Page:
Working in the tradition of Pop Artists such as Claes Oldenburg and Andy Warhol, Linda Bäckström’s soft sculptures explore issues of power, status, and materiality. With a penchant for non-heroic, “anti-art” materials such as spray foam and aluminum, and a keen eye for cultural objects bemired in symbolic notions of power, Bäckström’s deeply tactile works create a rich interplay between association, meaning, and materials.
A keen observer of what lay beyond the glitter of constructed facades, Bäckström infuses humor, whimsy, and satire into often sober themes. While earlier works explored more personal thematic content including youth culture, teen ganging, and the human search for happiness, her recent work has shifted to the visual language contrived to drive American culture and the American Dream. Without value judgment, Bäckström explores the ways in which this multifaceted, multicultural nation goes about procuring consensus on a shared set of values and how these values, cultivated by the vast advertising and lobbying industries, find expression in visual symbols.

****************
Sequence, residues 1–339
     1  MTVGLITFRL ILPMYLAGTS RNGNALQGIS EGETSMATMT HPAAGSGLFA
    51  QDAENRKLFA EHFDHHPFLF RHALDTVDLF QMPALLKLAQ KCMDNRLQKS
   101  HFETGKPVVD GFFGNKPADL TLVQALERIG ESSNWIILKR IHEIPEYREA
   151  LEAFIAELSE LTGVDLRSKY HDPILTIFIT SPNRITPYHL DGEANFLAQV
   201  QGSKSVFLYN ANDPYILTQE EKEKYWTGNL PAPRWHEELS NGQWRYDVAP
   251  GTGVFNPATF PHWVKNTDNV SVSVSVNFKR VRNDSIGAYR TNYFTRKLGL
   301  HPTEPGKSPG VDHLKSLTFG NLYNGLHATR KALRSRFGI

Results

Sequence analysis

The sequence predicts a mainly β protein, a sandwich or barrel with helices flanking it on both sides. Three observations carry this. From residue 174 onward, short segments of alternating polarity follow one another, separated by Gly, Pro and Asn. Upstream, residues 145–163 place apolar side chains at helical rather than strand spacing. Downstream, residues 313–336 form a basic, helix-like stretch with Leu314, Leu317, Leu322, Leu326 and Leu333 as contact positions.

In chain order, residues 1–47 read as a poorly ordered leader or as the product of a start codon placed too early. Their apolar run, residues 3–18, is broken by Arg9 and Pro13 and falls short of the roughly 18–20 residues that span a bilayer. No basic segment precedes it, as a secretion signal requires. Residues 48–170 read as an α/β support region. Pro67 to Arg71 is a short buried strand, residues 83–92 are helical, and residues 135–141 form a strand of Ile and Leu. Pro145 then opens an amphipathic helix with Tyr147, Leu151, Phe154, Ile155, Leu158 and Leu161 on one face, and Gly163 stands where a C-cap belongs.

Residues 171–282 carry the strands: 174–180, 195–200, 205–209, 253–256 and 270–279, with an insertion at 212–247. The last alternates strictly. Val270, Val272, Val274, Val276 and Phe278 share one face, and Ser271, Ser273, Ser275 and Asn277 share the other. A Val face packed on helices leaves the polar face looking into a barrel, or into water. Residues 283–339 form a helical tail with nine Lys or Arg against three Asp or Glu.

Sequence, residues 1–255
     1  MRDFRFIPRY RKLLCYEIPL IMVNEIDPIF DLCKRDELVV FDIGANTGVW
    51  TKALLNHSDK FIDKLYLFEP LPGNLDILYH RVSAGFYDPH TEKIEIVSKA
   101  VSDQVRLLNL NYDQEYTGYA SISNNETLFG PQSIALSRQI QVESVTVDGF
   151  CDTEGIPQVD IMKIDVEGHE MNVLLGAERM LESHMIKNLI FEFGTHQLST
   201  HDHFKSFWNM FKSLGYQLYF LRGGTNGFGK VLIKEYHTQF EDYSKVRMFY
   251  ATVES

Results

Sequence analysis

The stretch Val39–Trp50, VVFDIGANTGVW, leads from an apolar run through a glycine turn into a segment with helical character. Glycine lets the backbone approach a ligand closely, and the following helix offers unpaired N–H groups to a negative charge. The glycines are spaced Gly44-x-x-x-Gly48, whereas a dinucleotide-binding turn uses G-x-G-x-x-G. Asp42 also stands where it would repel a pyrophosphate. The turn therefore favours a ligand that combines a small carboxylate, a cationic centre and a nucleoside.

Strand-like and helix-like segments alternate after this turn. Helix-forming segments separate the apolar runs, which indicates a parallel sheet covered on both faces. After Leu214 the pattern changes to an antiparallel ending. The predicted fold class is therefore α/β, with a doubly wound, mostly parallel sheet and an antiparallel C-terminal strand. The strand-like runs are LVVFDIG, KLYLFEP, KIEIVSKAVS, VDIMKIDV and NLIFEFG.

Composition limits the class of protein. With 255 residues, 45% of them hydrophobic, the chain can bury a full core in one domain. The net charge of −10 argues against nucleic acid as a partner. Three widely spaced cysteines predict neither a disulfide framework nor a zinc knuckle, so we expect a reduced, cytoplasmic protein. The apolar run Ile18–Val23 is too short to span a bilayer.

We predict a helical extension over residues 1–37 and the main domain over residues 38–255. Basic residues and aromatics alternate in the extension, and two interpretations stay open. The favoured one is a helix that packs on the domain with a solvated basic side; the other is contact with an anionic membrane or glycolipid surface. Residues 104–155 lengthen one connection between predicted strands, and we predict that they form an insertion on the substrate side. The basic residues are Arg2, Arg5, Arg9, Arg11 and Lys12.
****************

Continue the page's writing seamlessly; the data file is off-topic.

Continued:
Bäckström describes her process as one involving intuition, chance and association. Scrupulously collecting images that catch her interest, Bäckström compiles her stores into a series of scrapbooks which serve as the starting point of her work. Bäckström’s spray foam sculptures are cast in hand-sewn textile moulds and assembled in a series of stages. Impossible to gauge and control the rate of expansion and drying process, her sculptures morph organically, thereby mastering their own identity and rejecting the artist’s total authority. Out of this unpredictability springs an authenticity that serves to open the stereotypes and allow for a variety of interpretations.